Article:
LAWSON: It would depend on how you define prophecy. The word means “to stand before.” If you mean it in a revelatory sense, that you are receiving direct revelation from God and, therefore, have become the mouthpiece of this direct revelation, the answer is no. That gift does not exist today. If you define prophecy as a reiteration of what has already been revealed or the gift of preaching, the answer would be yes. There are men gifted to preach what has already been revealed in the Word of God. So, it would depend on how you define it. If you are a part of a ministry in which someone says, “God told me this in the shower this morning,” you need to turn his water off.
PARSONS: I forget who said it, but, “If you want to read the Word of God, just get alone with the Bible and read it. If you want to hear God’s Word spoken to you, just read it out loud.”
LAWSON: Oh, that’s been passed down through many people.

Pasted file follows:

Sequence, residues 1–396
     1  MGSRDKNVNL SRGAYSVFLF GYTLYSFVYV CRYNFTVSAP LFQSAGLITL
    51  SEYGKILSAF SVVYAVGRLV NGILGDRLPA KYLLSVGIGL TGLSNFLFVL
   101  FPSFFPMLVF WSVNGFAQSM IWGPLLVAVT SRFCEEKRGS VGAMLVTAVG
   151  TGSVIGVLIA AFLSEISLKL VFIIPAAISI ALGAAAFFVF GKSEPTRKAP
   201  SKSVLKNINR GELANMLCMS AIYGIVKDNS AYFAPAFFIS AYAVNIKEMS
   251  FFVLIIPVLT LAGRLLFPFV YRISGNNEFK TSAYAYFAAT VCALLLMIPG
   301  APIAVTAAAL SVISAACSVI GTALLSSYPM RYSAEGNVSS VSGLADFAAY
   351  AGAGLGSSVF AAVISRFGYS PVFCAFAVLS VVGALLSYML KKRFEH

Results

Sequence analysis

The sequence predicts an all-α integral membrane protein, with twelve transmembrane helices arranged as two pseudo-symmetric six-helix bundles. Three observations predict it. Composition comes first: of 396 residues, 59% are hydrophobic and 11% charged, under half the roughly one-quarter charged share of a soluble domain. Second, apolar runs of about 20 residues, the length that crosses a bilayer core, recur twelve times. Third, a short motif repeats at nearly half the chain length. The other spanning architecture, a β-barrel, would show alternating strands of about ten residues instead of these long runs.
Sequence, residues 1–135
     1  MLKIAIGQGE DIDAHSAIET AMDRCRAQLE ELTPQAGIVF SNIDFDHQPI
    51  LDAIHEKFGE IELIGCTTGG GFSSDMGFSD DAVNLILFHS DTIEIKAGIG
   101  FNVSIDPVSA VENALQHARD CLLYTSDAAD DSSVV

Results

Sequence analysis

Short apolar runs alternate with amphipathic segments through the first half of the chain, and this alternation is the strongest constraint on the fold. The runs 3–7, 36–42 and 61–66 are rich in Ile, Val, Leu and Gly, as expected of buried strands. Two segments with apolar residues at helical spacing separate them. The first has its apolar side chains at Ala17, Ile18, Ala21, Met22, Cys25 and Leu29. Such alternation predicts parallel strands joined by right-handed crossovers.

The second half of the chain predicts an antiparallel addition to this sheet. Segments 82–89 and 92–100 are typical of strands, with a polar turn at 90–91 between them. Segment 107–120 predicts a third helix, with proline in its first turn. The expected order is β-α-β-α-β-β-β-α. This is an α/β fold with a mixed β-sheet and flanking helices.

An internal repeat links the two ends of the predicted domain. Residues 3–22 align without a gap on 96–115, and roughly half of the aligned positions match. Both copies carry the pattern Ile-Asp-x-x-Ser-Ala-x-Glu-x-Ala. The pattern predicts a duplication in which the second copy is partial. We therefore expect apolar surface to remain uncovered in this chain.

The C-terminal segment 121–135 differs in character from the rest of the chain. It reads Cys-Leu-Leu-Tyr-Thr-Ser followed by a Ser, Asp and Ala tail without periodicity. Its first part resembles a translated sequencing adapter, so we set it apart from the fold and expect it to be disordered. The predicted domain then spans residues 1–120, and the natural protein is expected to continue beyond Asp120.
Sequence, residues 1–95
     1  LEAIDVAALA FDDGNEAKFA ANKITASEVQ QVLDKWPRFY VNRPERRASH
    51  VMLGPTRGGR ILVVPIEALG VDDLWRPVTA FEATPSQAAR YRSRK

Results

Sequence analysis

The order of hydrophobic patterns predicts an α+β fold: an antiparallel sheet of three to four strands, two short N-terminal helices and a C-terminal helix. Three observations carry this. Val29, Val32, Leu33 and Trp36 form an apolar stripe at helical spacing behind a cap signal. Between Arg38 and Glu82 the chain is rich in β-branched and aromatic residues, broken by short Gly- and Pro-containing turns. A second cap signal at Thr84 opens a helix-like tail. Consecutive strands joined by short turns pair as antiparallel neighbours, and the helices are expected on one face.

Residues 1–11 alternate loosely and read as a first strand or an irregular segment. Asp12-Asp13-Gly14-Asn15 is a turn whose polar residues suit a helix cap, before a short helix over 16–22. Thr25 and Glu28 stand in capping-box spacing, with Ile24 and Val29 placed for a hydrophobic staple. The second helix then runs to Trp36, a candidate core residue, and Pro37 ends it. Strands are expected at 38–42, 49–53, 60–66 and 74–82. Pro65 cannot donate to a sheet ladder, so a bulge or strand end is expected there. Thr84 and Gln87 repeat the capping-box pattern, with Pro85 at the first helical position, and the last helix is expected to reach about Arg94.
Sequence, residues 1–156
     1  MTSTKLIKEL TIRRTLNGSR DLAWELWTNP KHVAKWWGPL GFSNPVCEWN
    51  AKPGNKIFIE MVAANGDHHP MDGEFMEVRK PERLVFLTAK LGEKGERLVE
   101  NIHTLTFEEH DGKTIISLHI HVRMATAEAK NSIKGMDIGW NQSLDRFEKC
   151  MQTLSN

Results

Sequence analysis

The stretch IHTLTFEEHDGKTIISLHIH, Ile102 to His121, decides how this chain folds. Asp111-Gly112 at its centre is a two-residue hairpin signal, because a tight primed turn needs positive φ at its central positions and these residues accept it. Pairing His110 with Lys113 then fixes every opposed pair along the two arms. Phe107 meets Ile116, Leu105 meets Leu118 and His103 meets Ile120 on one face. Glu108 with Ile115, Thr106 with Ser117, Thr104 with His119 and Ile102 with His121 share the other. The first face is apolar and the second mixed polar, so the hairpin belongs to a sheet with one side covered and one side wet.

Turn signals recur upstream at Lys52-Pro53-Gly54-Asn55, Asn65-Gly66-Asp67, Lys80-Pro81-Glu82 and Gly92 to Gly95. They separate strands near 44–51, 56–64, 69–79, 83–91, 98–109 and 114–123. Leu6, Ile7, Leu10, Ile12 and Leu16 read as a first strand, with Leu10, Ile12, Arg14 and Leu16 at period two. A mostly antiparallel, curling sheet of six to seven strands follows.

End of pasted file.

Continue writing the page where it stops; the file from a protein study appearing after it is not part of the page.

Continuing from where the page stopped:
GODFREY: Of course, this question immediately brings Huldrych Zwingli to mind. He organized regular meetings for the ministers in Zürich where they would discuss the Word of God and how to preach it. Those gatherings were called “prophesyings,” which is very much in line with what you’re saying. The word prophecy can still be used to refer to the exposition and application of the Word of God, but not as a revelatory exercise of the Spirit.
LAWSON: William Perkins’ The Art of Prophesying, the first Puritan book on how to preach, interprets prophecy as a reiteration of divine revelation that has already been given. Then, prophecy is about how to preach and apply the Word of God. If you take it in that sense, we would agree.
GODFREY: Would you agree that Perkins stole that from Zwingli?
LAWSON: Stephen Nichols told me, “Just say yes.”